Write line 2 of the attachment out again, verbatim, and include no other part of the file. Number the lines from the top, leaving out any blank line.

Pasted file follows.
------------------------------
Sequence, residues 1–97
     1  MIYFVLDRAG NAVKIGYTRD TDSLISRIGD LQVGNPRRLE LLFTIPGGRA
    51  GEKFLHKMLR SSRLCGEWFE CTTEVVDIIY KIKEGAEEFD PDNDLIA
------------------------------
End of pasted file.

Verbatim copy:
     1  MIYFVLDRAG NAVKIGYTRD TDSLISRIGD LQVGNPRRLE LLFTIPGGRA